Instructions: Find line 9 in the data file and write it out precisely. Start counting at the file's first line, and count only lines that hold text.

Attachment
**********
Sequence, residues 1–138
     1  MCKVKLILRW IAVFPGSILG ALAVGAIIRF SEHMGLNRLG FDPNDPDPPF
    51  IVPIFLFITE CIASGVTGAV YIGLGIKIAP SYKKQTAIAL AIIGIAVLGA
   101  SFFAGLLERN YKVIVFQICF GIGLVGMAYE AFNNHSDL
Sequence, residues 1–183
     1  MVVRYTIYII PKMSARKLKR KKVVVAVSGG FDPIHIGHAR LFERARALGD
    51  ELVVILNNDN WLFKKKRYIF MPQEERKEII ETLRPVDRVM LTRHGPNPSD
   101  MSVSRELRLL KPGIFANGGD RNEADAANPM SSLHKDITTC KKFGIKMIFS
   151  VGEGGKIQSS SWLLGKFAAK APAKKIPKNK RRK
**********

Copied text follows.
   151  VGEGGKIQSS SWLLGKFAAK APAKKIPKNK RRK